President Donald Trump proposed cuts for programs to forgive student debt in a budget released by the White House on Monday.
The 2021 budget plan, called “A Budget for America’s Future,” would cut the budget of the Department of Education by $5.6 billion and overall student loan forgiveness by $170 billion.
The plan would end future public service loan forgiveness and subsidized loans, under which the government covers the interest for those still studying or in financial hardship, CNBC reported. The budget would impose limits on the amount that graduate students and parent borrowers can take out each year and over their lifetimes.
Trump’s plan prioritizes reducing federal spending over supporting borrowers, who now owe $1.56 trillion in total, or an average of $32,731 per borrower, according to Forbes.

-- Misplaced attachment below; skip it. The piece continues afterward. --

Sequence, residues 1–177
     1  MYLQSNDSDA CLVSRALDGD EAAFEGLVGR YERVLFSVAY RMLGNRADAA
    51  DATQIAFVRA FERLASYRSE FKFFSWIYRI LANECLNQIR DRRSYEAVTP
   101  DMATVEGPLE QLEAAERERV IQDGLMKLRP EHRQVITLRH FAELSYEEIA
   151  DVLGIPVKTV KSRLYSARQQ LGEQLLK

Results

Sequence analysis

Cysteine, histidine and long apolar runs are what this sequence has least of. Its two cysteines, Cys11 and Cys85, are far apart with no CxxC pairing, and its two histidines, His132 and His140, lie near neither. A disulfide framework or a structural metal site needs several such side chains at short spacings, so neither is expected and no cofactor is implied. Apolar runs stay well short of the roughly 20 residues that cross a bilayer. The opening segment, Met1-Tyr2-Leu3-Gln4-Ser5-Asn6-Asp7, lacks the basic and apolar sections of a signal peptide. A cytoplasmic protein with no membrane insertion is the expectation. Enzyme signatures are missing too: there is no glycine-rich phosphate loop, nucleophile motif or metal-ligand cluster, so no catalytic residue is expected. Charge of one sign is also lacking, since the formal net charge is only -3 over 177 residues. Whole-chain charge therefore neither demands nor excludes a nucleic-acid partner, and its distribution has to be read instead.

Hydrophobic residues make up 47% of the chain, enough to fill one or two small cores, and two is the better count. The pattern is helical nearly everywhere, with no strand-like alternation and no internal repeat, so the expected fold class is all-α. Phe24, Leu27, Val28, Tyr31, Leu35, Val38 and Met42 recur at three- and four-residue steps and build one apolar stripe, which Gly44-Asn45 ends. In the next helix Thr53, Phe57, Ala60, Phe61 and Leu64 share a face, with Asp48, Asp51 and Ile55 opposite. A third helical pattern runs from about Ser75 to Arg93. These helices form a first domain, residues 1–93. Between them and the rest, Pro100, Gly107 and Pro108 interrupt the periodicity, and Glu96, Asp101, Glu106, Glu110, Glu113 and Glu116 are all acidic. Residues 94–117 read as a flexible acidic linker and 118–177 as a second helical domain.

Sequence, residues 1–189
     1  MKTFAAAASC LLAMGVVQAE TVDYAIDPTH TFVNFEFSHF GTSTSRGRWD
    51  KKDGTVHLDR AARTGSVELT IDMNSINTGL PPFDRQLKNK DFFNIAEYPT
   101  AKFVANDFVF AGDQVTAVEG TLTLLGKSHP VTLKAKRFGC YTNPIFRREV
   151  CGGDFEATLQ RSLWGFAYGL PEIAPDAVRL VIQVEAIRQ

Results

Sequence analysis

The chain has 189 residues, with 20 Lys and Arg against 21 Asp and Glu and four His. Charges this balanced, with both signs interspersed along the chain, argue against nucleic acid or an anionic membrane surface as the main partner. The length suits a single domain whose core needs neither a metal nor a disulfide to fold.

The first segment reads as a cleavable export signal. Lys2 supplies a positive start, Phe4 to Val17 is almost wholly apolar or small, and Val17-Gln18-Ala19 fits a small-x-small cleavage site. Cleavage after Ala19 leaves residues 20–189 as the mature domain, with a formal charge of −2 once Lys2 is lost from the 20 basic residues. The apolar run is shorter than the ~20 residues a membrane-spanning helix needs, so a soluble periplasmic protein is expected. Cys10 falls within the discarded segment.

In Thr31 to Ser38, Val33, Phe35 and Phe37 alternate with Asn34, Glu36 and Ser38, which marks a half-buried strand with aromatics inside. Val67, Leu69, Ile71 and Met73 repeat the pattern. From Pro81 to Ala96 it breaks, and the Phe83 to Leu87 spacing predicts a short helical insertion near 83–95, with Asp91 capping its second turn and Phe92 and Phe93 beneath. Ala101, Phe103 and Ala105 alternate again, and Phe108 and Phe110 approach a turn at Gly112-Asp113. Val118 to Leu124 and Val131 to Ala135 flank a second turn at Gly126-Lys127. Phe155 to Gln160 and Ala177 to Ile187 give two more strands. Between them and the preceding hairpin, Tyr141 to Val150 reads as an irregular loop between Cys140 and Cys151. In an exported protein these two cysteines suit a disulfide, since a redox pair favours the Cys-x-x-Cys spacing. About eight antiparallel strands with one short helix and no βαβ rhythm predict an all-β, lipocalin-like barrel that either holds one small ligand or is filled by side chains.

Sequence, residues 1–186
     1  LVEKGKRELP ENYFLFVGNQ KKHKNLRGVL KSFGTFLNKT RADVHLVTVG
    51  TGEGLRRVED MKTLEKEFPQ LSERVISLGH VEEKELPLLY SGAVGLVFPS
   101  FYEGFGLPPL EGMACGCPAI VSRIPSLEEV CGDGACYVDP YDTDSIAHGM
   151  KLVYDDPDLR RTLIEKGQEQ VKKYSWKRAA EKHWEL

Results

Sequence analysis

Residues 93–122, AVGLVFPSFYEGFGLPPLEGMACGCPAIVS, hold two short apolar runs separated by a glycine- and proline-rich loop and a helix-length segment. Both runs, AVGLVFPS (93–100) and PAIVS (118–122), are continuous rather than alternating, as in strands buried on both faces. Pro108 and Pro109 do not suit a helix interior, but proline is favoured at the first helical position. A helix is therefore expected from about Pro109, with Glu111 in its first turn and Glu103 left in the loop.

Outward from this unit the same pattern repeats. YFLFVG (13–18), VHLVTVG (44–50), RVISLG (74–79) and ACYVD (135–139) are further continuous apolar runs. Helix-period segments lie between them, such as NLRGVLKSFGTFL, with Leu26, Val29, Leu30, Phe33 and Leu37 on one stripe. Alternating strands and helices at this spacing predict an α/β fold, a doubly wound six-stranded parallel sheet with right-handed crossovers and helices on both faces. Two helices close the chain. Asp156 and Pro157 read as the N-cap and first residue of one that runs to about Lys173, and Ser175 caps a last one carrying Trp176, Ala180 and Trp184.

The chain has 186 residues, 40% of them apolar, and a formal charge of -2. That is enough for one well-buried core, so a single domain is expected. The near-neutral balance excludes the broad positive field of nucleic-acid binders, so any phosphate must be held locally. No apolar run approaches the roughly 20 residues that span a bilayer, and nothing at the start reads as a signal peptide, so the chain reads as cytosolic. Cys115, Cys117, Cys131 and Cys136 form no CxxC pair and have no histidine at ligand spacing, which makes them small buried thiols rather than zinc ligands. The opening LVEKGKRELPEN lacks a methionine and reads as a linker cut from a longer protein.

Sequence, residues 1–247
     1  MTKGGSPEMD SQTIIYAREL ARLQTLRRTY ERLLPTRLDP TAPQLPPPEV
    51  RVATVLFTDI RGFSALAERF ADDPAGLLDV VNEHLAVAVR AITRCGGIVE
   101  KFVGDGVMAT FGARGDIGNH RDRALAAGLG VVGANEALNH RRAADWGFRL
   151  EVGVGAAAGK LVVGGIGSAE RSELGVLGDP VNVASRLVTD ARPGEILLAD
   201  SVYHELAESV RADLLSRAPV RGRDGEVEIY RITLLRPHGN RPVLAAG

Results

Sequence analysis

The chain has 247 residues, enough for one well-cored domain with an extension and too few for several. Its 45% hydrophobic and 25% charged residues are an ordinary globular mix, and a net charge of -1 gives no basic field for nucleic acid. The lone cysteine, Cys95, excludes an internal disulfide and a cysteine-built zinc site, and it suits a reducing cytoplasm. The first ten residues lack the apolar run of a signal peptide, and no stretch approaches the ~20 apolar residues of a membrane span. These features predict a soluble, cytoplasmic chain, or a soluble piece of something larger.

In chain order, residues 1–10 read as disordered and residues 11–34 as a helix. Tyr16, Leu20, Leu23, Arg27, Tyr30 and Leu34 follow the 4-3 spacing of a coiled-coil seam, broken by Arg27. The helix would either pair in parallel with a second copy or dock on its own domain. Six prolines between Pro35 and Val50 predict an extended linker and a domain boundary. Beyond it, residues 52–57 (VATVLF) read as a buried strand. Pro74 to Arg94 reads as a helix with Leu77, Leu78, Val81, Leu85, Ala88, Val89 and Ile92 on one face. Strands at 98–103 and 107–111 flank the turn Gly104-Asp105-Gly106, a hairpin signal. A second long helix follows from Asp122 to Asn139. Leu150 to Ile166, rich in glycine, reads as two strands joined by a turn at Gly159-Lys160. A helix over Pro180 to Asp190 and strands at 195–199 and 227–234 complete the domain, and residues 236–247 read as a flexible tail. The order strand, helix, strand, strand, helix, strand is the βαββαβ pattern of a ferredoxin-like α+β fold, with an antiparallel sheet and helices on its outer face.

Higher education policy expert Mark Kantrowitz told CNBC that the plan takes further the Trump administration’s “reputation of being anti-borrower.” Trump's policy of spending cuts to student loan relief is at odds with the views of voters, a majority of whom favor debt cancelation, according to a December poll.
Penn implemented a "No Loans" financial aid policy in 2009, instead offering grants to students eligible for aid, but still, nearly a third of 2015 Penn graduates took out loans to finance their education.
Candidate for the Democratic presidential nomination Sen. Bernie Sanders (I-Vt.) has pledged to cancel all student debt and make public colleges tuition-free, while Sen. Elizabeth Warren (D-Ma.) has promised to cancel some student debt, stressing the need for “an America that works for everyone” in an interview with The Daily Pennsylvanian.
All comments eligible for publication in Daily Pennsylvanian, Inc. publications.